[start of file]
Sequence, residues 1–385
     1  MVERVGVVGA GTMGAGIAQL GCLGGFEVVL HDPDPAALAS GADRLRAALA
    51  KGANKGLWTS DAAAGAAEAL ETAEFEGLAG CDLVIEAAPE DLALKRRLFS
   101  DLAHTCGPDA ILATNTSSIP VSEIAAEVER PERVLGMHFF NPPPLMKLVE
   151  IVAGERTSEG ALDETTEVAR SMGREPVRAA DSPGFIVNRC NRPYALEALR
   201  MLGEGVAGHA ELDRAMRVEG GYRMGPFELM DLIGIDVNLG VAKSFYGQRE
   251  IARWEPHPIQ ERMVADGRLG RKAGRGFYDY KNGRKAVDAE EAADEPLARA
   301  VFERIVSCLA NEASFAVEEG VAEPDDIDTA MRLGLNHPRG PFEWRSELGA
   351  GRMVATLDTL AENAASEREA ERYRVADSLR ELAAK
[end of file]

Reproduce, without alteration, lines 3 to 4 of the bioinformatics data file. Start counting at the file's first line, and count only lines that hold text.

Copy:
    51  KGANKGLWTS DAAAGAAEAL ETAEFEGLAG CDLVIEAAPE DLALKRRLFS
   101  DLAHTCGPDA ILATNTSSIP VSEIAAEVER PERVLGMHFF NPPPLMKLVE